Texas Attorney General Ken Paxton announced today (Wednesday, Feb. 18) that his office has intervened in the Travis County probate case following Judge Guy Herman’s ruling that Texas’ ban on marriage equality is unconstitutional.
Paxton, representing the state, has asked the Texas Supreme Court to stay Herman’s ruling and to overturn it.
In a written statement issued by his office, Paxton said: “Texas law is clear on the definition of marriage, and I will fight to protect this sacred institution and uphold the will of Texans, who voted overwhelmingly in favor of a constitutional amendment defining the union as between one man and one woman. The probate judge’s misguided ruling does not change Texas law or allow the issuance of a marriage license to anyone other than one man and one woman.”
Paxton — referred to, by the way, as “General Paxton” in the statement released by his office — failed to note that Herman is the second judge in Texas to declare the marriage ban unconstitutional. U.S. District Judge Orlando Garcia did so a year ago, in Feburary 2014. That case is currently before the Fifth Circuit Court of Appeals.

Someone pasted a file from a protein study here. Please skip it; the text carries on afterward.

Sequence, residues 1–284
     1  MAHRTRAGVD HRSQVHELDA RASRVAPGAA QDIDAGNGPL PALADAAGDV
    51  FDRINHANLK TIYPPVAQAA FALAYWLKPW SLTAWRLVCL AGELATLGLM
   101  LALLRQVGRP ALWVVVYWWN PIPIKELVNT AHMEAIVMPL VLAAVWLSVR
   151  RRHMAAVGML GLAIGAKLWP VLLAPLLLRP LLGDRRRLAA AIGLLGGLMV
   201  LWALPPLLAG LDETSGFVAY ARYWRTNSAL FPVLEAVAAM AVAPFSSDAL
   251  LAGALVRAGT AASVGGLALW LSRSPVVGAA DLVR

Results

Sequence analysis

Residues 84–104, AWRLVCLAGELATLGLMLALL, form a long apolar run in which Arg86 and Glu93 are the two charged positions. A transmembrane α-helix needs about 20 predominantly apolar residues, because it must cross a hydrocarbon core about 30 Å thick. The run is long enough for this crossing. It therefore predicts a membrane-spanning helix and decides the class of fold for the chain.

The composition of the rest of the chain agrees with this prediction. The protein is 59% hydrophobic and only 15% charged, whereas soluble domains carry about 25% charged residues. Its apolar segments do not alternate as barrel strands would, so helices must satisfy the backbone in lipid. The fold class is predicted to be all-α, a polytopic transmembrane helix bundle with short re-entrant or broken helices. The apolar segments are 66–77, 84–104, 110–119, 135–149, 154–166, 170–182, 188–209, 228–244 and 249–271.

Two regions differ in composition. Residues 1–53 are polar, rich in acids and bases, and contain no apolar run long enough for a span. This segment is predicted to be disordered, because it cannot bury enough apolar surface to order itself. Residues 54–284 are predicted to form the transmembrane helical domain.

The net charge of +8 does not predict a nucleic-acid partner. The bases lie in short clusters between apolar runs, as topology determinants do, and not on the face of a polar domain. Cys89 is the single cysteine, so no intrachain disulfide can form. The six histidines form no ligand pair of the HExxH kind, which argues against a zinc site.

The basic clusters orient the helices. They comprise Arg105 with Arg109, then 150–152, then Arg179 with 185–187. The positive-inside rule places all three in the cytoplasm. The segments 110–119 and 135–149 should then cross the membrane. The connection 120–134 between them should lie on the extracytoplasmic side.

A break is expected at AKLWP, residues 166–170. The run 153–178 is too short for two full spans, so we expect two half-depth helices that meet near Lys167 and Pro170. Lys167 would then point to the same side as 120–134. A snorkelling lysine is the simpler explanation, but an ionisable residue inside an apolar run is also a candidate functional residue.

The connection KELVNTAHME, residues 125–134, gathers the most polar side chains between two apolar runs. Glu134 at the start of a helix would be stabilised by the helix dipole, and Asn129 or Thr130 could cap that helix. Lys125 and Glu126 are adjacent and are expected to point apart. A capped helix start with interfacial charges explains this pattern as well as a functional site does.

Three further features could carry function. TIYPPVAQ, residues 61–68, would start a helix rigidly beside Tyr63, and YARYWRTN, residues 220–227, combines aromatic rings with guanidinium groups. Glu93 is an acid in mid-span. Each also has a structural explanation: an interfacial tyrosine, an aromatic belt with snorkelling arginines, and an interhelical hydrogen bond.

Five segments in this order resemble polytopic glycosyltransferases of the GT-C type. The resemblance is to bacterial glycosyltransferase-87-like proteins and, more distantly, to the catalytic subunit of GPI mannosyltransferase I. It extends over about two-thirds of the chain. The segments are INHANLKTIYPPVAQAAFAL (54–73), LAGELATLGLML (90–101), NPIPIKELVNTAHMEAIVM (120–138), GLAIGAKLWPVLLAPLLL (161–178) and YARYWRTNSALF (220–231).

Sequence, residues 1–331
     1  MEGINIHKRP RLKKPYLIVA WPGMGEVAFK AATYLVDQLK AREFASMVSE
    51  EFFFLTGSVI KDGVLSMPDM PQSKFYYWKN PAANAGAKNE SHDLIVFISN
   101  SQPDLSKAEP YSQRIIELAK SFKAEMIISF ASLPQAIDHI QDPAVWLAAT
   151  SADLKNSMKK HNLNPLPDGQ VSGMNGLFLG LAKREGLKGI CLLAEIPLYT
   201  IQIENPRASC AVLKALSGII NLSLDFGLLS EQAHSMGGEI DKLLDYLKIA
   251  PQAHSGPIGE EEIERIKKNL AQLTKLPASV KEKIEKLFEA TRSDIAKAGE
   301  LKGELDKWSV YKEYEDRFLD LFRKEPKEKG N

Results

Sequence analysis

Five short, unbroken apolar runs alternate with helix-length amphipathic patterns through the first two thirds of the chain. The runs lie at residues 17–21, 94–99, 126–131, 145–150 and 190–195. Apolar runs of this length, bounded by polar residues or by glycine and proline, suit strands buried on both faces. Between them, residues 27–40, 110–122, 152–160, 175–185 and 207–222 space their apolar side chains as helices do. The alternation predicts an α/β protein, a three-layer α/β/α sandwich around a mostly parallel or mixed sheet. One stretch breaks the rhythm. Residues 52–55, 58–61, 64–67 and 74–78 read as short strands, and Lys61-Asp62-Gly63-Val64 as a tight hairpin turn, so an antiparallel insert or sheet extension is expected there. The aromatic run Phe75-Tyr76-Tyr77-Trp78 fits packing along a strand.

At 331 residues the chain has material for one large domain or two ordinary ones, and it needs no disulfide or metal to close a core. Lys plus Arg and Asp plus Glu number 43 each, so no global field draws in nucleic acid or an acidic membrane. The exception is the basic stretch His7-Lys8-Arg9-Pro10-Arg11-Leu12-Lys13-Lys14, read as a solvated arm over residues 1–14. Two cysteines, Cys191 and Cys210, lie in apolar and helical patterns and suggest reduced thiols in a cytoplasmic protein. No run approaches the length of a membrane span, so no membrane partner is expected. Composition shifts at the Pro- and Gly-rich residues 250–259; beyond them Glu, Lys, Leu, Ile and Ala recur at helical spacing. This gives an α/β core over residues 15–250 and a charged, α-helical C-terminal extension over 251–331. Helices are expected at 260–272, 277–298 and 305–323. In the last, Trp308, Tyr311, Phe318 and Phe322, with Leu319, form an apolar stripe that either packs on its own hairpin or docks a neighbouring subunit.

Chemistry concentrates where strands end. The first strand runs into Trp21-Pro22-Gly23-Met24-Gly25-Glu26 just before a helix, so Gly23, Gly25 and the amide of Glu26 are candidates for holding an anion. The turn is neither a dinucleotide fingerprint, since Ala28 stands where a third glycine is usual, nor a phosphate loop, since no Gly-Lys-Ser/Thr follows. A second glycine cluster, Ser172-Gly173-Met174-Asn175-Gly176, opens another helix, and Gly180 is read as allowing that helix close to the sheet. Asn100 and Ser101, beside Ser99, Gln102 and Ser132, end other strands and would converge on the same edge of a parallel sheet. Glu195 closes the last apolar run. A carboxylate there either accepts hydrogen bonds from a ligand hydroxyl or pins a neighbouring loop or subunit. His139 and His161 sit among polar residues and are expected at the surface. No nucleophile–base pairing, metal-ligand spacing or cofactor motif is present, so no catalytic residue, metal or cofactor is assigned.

Paxton’s statement was issued about an hour and a half after Equality Texas issued a statement calling on Travis County Clerk Dana DeBeauvoir to begin issuing licenses to same-sex couples — something DeBeauvoir has said she will not do until she gets clarification from the federal courts.
But because Herman is a probate judge, his ruling will be appealed through the Texas state courts, not through the federal court system, as Garcia’s ruling.